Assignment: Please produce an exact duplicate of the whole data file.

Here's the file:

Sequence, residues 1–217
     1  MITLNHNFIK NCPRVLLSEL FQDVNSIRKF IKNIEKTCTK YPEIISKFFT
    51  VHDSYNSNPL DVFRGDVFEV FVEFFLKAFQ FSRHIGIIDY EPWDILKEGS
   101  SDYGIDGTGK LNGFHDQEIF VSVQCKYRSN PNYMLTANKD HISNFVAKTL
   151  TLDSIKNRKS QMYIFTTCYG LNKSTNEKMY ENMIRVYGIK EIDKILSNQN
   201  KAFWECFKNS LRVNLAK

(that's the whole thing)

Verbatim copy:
Sequence, residues 1–217
     1  MITLNHNFIK NCPRVLLSEL FQDVNSIRKF IKNIEKTCTK YPEIISKFFT
    51  VHDSYNSNPL DVFRGDVFEV FVEFFLKAFQ FSRHIGIIDY EPWDILKEGS
   101  SDYGIDGTGK LNGFHDQEIF VSVQCKYRSN PNYMLTANKD HISNFVAKTL
   151  TLDSIKNRKS QMYIFTTCYG LNKSTNEKMY ENMIRVYGIK EIDKILSNQN
   201  KAFWECFKNS LRVNLAK